Mavior -v- Zerko Ltd,  IEHC 471 (2012)
|Docket Number:||2012 3956 P & 2012 85 COM|
|Party Name:||Mavior, Zerko Ltd|
|Judge:||Finlay Geoghegan J.|
THE HIGH COURT
COMMERCIAL[2012 No. 3956 P]
[2012 85 COM]
JUDGMENT of Ms. Justice Finlay Geoghegan delivered on the 22nd day of November, 2012
The defendant in the motion sought an order that the plaintiff give security for costs pursuant to s. 390 of the Companies Act 1963 (as amended), or, in the alternative, pursuant to O. 29 of the Rules of the Superior Courts.
The plaintiff is an unlimited company registered in Ireland and with a registered address in Dublin. The plaintiff, formerly a limited company, Mountbrook Homes Limited, changed its name and was re-registered as an unlimited company prior to the events giving rise to these proceedings.
The defendant, a limited company, is stated to be a “Special Purpose Vehicle”, established by Ulster Bank Ireland Ltd. for the purpose of holding the legal and beneficial interest in the Ballsbridge Inns and Tower Hotels (the “Hotels”) on behalf of Ulster Bank Ireland Ltd., in its capacity as facility agent and security trustee for a syndicate of banks.
The factual background to the plaintiff’s claim in these proceedings and the defendant’s application for costs, in summary, is as follows.
In 2011, MJBCH Limited, a company stated to be part of a group of companies controlled by Mr. Sean Dunne, was engaged in running and managing the Hotels pursuant to an agreement with the defendant. On 24th October, 2011, the Hotels were flooded as a result of heavy rainfall and extensive damage was done to the hotel buildings and their contents. The plaintiff pleads that following the flood damage, it was agreed between the defendant and MJBCH Ltd. that the latter would organise repair and reinstatement works to be carried out so as to render the hotel buildings safe and minimise the disruption to the Hotels. It further pleads and contends that MJBCH Ltd., acting at all material times as an agent of the defendant, entered into a building agreement with the plaintiff pursuant to which it was agreed that the plaintiff would carry out the necessary repair and reinstatement works.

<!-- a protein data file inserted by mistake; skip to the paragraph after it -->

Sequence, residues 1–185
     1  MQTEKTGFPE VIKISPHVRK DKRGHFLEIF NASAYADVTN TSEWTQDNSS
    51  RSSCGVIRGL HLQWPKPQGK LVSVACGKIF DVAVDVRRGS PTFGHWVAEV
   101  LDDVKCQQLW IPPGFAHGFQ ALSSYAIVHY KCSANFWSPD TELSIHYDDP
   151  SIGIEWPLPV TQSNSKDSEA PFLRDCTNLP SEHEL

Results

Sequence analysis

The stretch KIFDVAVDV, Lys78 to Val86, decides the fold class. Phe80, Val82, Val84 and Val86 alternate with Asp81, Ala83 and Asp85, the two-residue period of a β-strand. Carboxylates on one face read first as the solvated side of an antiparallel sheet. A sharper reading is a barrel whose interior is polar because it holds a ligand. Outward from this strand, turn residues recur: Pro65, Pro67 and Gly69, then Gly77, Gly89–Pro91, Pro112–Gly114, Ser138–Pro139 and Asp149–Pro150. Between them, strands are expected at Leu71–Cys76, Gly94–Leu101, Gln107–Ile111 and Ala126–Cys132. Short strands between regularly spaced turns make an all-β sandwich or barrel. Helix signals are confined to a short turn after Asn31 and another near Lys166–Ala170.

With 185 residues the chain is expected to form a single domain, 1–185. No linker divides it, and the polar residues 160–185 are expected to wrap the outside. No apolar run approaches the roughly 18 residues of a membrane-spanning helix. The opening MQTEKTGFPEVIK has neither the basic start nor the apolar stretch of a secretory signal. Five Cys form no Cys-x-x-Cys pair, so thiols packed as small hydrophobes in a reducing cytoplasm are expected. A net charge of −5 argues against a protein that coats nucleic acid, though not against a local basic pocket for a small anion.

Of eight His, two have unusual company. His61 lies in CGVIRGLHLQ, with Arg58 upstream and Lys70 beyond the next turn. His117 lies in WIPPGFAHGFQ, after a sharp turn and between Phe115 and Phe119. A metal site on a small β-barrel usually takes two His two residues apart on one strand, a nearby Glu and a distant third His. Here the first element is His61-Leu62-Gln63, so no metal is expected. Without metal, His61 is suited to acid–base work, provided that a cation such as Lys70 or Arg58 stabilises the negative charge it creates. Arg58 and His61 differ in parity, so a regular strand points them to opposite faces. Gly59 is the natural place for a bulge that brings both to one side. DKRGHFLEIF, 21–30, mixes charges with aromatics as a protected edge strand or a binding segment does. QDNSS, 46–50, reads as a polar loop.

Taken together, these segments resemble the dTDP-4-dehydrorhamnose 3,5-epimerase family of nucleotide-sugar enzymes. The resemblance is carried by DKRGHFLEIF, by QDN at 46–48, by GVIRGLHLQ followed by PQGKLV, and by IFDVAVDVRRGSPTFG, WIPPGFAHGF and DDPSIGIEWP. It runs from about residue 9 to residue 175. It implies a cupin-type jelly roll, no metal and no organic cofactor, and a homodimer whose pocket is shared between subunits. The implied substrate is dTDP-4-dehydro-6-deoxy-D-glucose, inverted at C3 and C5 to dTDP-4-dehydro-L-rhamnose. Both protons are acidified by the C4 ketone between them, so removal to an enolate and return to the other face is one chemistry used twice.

The plaintiff contends that it carried out the repair and reinstatement work pursuant to the alleged agreement; that the defendant made to it three separate payments in respect of such works and that there is a balance in excess of €1m now due and owing, certified by the architects as due in respect of the works. In the alternative, it claims monies due to it by the defendant for the works carried out at its request on a quantum meruit basis.
The defendant disputes the terms of the alleged contracts, both between it and MJBCH Ltd. and the existence of any contract between it and the plaintiff. The defendant does not dispute that the plaintiff carried out works on the Hotels from which it now benefits; further, it does not dispute that it paid the plaintiff monies for work done. The defendant alleges that the works carried out by the plaintiff were substandard and denies that it now owes any monies to the plaintiff.
The defendant brings the application for security for costs upon the basis that it has a bona fide defence to the plaintiff’s claim, and that, as a matter of probability, the plaintiff would be unable to meet an order for costs of the proceedings if the defendant were to be successful. The defendant obtained advice from Cyril O’Neill & Company, legal costs accountants, that the cost of defending the plaintiff’s claim is likely to be in the order of €500,000 to €600,000 plus VAT.